Unfortunately, gathering information and research in this area has been slower than many doctors would like, and a new study has now found that pregnancy risks could be greater than what we thought.
"We now know that the risks to mothers and babies are greater than we assumed at the start of the pandemic and that known health measures when implemented must include pregnant women," said University of Oxford reproductive medical researcher Stephen Kennedy, one of the study authors.
"The information should help families, as the need to do all one can to avoid becoming infected is now clear. It also strengthens the case for offering vaccination to all pregnant women."
The researchers followed 2,130 pregnant women from 18 countries between March and October 2020, 706 of them having been diagnosed with COVID-19 and the rest without, as part of a study called INTERCOVID.
For each pregnant woman who was infected with COVID-19, the team then enrolled two pregnant women from the same hospital at the same pregnancy stage and followed them all until the birth and discharge from hospital.
The study was observational, so it can only inform us about the potential links between COVID-19 and pregnancy risks, but the results are consistently worse for those pregnant women with COVID-19.
"This is a great study," University of Montreal Hospital Research Centre epidemiologist Nathalie Auger, who was not involved in the study, told Science.
"They followed women through pregnancy, which is a really great design, and helped confirm the previous studies that are much easier to critique."
The research found that pregnant women with a SARS-CoV-2 infection were at a higher risk for severe infections, intensive care unit admissions, and even death. Babies were also significantly more likely to be preterm and have other complications.
"Women with COVID-19 during pregnancy were over 50 percent more likely to experience pregnancy complications (such as premature birth, pre-eclampsia, admission to intensive care and death) compared to pregnant women unaffected by COVID-19," says Oxford fetal medicine researcher and study co-author Aris Papageorghiou.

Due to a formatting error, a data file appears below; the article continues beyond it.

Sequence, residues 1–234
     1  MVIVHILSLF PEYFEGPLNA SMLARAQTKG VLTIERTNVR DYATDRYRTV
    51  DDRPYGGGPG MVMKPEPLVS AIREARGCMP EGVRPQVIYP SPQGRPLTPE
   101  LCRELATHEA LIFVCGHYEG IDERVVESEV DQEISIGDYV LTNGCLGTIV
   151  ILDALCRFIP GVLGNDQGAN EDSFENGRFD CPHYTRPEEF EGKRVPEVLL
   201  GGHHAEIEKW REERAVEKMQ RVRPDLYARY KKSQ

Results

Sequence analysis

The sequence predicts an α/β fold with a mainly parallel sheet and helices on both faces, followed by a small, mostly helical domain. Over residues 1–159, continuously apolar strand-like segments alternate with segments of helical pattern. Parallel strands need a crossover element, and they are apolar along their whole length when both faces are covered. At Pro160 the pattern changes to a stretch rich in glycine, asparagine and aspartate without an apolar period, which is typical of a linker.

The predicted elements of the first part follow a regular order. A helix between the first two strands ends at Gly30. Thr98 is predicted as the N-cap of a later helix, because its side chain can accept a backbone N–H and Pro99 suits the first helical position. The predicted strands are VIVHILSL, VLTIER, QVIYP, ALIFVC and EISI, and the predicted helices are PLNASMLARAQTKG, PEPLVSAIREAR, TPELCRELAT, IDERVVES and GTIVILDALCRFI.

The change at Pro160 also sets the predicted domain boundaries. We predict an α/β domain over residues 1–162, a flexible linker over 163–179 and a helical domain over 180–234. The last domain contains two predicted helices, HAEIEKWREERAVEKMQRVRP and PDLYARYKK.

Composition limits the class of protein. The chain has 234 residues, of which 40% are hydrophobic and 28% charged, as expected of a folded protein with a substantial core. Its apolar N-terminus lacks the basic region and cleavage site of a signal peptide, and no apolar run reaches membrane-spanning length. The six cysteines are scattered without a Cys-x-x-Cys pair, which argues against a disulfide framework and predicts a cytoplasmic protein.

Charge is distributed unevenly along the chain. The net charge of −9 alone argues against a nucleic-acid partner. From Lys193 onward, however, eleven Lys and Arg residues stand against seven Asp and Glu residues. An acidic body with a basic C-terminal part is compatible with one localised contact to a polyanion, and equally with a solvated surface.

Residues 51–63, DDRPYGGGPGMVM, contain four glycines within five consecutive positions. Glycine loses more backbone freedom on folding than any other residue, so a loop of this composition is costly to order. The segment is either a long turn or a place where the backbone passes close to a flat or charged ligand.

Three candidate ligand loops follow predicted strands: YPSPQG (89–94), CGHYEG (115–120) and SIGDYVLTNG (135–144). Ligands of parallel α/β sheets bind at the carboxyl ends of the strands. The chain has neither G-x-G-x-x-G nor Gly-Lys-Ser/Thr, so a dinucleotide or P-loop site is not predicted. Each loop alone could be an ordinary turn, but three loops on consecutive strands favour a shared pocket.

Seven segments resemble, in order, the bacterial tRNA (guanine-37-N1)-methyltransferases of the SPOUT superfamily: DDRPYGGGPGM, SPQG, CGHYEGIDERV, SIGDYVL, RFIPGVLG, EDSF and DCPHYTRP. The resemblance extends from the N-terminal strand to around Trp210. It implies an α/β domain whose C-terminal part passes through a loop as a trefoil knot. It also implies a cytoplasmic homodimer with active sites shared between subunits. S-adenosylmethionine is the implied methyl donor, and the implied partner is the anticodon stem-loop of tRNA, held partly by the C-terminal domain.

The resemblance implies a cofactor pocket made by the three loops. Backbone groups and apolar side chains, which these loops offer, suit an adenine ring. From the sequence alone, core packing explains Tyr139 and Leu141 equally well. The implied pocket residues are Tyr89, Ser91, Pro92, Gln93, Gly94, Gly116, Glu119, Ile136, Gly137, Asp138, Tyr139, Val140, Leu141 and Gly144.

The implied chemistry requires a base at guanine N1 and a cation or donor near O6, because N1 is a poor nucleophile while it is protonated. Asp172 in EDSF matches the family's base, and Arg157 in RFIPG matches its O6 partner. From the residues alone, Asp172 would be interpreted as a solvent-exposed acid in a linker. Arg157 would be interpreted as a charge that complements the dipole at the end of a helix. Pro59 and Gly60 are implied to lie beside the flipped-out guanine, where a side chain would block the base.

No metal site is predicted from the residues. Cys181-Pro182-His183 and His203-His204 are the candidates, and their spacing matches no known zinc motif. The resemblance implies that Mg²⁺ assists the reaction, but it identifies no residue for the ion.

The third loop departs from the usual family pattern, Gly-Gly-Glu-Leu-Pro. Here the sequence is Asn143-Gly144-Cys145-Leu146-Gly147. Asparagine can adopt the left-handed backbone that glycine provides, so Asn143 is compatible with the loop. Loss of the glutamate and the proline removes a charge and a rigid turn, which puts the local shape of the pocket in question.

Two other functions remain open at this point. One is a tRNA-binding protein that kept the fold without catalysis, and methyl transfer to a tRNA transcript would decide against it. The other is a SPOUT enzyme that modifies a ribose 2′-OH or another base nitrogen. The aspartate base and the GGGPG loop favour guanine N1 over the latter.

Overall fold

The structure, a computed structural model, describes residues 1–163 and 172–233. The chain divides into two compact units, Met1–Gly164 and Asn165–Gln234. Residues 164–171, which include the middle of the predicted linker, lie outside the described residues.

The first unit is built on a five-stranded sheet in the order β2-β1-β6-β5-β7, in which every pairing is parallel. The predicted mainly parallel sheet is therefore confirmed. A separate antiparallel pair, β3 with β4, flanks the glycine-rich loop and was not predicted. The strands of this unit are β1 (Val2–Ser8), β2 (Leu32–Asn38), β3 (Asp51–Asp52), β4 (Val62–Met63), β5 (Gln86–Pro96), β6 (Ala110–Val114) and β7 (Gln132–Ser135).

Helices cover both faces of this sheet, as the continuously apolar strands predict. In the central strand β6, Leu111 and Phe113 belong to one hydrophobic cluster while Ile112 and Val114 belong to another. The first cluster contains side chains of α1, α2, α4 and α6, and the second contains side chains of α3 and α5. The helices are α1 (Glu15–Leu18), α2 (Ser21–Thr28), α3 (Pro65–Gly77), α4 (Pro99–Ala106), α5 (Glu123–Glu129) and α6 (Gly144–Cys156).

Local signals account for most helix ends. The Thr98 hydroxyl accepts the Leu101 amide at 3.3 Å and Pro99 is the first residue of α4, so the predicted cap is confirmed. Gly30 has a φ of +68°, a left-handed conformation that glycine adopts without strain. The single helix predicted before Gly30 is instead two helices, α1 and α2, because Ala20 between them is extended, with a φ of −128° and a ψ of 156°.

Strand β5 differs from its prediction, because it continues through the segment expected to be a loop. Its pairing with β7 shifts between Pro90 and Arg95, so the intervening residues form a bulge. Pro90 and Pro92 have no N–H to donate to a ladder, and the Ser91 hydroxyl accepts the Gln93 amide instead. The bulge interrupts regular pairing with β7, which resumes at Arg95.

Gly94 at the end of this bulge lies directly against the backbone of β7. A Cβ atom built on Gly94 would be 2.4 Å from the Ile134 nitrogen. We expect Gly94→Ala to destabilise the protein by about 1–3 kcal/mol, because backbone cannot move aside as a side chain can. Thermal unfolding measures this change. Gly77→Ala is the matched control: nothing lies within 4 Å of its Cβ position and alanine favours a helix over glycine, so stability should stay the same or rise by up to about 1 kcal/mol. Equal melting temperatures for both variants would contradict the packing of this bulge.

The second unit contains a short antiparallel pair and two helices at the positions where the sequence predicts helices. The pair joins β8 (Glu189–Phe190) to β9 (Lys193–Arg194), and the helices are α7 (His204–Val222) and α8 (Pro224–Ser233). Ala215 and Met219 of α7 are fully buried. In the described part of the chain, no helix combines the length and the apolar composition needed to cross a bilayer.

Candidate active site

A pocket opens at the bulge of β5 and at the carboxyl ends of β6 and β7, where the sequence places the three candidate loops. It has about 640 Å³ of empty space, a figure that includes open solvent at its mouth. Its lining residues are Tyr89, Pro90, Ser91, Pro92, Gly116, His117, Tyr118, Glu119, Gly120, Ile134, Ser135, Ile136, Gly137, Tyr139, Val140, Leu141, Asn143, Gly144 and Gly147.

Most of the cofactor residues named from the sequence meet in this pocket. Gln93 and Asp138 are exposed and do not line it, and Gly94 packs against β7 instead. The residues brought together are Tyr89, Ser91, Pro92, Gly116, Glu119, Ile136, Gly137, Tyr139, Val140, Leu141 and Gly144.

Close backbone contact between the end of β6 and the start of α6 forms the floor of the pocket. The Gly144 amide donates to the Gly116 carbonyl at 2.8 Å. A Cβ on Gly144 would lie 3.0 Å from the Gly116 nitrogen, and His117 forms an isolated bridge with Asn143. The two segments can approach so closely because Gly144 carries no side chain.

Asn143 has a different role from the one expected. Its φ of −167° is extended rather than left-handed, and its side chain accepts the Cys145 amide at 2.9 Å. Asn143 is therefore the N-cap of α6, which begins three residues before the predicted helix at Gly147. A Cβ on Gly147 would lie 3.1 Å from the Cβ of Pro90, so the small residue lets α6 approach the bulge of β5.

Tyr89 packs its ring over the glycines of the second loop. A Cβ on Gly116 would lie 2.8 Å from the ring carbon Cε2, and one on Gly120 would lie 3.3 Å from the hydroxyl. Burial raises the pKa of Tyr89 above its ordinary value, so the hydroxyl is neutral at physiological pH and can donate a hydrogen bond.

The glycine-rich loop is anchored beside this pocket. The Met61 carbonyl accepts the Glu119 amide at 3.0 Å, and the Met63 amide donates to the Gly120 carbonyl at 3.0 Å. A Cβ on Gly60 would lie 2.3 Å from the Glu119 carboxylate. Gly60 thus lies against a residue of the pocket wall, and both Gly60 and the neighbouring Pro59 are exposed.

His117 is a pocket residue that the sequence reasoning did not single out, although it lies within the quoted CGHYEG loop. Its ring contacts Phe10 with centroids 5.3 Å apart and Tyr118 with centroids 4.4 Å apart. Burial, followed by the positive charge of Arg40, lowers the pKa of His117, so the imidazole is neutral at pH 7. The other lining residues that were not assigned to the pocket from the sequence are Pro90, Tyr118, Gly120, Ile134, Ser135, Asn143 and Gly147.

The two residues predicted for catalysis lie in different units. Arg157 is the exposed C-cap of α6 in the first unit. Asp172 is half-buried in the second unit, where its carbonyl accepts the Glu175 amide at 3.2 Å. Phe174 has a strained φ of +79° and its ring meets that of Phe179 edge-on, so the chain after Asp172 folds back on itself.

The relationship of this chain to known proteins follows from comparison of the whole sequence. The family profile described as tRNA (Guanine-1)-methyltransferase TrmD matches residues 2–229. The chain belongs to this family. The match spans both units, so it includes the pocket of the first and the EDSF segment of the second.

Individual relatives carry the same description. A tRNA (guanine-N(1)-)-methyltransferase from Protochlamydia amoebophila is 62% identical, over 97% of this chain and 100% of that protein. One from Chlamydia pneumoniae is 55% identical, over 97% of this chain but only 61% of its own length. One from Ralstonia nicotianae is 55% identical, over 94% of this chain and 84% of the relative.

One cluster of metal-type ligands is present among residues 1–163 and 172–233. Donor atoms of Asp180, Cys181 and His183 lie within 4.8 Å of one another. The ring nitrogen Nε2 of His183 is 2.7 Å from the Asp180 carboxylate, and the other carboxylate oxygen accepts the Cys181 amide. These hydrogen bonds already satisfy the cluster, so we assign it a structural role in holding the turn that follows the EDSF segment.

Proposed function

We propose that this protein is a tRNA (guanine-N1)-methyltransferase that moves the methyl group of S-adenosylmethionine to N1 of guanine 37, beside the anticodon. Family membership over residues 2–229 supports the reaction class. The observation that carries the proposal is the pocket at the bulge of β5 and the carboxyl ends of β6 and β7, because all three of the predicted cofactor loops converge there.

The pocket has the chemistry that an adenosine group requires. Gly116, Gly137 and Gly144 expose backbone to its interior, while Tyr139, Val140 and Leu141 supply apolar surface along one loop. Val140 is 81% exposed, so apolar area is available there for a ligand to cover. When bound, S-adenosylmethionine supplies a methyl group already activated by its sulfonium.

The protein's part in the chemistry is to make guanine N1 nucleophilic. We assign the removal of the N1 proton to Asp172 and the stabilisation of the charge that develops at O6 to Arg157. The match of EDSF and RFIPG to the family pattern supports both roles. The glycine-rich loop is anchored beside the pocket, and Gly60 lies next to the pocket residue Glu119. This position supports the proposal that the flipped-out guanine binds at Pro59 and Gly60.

"Newborns of infected women were also nearly three times more at risk of severe medical complications, such as admission to a Neonatal Intensive Care Unit – mostly due to premature birth."
"The good news," he adds, "is that the risks in symptomless infected women and non-infected women were similar."
This is important information for those who currently are, or are looking to get pregnant. We've already seen the virus may sometimes be passed from mother to baby, and this study adds to that body of research, finding 13 percent of babies with COVID-19 positive moms also tested positive in the first few days after birth.
Interestingly, the research team also found that caesarean delivery was associated with a higher risk of babies testing positive to the virus, while breastfeeding was not.
This is unlikely to be the last word on this topic, but the research provides much needed clarity for those expecting or considering becoming pregnant while the pandemic continues, and is also valuable information for the authorities managing vaccination programs.
And for those that do contract COVID-19 while pregnant, doctors will have more information to make sure they have a healthy pregnancy and delivery.
The research has been published in JAMA Pediatrics.